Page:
M I Jehangir
Sangam (J-K), Feb 13 (PTI) Bat manufacturing units inthis south Kashmir town are banking on a good performance bythe Indian cricket team in the upcoming World Cup to make upfor the losses they have suffered during the violent proteststhat rocked the valley last year.
Abdul Majeed Dar, the president of the Cricket BatManufacturers'' Association, said if the Indian team has asuccessful World Cup, the demands for the bats made here islikely to go up.
"If the Indian team does well, we will be happier as itwould set off some of the losses we have suffered during thelast year''s protests in the valley," Dar said.
Tourists, most of whom take a cricket back home as asouvenir or for the love of the game, fled the valleyovernight following widespread protests during the summer of2010 due to the violent protests against the armed forceshere.
Atleast 15,000 skilled and unskilled workers at the batmanufacturing units here are now hoping that the Indian teammakes it to the title round of the event beginning February19.
Some of these workers may have taken part during the lastsummer''s valley-wide protests but now the considerations arepurely financial as the progress of the national cricket teamat the quadrennial event, which is hosted jointly by India,Sri Lanka and Bangladesh, directly affects their business.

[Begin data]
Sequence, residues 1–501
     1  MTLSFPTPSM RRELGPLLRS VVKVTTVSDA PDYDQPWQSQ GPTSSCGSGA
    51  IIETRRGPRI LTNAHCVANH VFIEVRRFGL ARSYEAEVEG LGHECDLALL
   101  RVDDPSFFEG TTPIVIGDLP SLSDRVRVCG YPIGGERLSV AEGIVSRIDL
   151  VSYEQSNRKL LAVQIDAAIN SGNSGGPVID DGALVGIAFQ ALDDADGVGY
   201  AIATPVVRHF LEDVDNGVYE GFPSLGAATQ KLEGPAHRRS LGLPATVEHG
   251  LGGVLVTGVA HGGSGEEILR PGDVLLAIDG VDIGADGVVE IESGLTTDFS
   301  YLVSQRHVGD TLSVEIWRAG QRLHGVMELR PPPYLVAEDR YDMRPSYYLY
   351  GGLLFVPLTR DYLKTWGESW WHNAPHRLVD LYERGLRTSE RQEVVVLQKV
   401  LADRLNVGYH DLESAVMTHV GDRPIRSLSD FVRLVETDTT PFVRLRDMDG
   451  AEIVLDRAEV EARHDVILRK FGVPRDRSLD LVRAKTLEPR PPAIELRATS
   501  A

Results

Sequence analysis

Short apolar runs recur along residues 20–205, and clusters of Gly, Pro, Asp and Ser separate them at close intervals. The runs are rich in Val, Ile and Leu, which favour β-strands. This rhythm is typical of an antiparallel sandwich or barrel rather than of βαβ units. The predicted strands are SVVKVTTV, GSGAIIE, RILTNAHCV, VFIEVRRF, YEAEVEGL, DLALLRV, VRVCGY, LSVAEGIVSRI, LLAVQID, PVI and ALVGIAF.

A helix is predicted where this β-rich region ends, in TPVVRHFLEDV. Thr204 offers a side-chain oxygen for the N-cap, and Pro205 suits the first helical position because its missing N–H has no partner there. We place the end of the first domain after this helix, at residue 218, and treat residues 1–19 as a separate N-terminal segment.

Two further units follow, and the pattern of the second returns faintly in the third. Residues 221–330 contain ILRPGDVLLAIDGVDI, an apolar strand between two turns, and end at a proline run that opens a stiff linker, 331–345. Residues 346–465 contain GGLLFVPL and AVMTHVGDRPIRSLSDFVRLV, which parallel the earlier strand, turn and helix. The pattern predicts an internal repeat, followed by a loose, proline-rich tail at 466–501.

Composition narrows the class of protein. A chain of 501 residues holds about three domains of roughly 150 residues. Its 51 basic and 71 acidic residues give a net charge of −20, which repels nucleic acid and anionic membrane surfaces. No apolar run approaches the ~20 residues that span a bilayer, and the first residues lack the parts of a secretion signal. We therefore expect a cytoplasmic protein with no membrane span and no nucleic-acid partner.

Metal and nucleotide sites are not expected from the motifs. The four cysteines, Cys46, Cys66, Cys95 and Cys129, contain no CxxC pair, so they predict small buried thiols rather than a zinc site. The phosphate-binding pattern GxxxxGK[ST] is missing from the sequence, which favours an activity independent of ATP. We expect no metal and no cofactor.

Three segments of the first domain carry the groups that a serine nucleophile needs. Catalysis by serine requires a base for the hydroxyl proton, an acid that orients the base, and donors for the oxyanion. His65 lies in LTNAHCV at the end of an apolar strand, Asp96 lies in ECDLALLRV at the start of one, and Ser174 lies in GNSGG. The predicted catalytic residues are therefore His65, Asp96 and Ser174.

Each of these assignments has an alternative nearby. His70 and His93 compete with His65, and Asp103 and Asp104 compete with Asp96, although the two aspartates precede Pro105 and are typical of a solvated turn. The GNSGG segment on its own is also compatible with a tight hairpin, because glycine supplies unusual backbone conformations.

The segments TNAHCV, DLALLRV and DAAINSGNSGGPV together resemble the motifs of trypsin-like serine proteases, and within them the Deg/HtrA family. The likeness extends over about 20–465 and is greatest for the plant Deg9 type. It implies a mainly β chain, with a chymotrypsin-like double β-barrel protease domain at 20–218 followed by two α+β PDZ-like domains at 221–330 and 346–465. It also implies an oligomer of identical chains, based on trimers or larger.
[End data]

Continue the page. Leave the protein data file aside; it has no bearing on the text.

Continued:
"We hope that India makes it at least to the final of theworld cup as it generally further heightens the cricket feveracross the country," Mohammad Amin, owner of the many batmanufacturing units dotting the Jammu-Srinagar NationalHighway, told PTI.
Amin said the business for the bat manufacturers, who arefighting the odds to keep the trade going, was good followingthe excellent show in the 2003 World Cup when Saurav Gangulyled the team to the final before losing to Australia.
"We saw an increase of at least 2.5 times after the 2003World Cup with order and enquiries pouring in from smallercities of the country," he added.
Ghulam Mohiuddin, a worker in a nearby bat manufacturingunit, said if the demand for bats increases, it ensures thatthey get work throughout the year.
"When the demand is low, we get to make bats for five tosix months in a year but if the demand increases, we will haveyear long work," he said.
Mohiuddin said during lean periods, he works odd jobs tosustain his family.
"I generally go with my neighbour, who is a carpenter butthere is hardly any construction work going on in the winterseason," he added. .